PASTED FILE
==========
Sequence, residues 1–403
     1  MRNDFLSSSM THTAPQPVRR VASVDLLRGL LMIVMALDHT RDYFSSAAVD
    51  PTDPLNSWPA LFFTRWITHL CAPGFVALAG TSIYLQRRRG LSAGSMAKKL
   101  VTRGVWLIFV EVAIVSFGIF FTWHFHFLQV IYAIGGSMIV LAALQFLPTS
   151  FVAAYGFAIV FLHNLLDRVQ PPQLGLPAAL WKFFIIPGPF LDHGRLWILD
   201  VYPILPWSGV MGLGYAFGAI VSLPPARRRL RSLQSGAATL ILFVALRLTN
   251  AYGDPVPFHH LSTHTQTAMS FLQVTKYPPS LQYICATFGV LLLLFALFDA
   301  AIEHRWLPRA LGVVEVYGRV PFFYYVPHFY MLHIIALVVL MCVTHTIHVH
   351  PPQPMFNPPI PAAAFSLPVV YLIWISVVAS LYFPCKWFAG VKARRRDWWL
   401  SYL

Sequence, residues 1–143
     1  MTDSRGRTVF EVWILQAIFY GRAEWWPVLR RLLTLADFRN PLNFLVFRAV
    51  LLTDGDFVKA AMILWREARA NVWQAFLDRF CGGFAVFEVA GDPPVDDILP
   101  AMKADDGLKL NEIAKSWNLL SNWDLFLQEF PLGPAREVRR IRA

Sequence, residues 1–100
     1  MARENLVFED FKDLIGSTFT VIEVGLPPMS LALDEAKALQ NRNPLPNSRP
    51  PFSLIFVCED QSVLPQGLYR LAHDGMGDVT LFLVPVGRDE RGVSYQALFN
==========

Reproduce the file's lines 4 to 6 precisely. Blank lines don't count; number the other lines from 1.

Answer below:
   101  VTRGVWLIFV EVAIVSFGIF FTWHFHFLQV IYAIGGSMIV LAALQFLPTS
   151  FVAAYGFAIV FLHNLLDRVQ PPQLGLPAAL WKFFIIPGPF LDHGRLWILD
   201  VYPILPWSGV MGLGYAFGAI VSLPPARRRL RSLQSGAATL ILFVALRLTN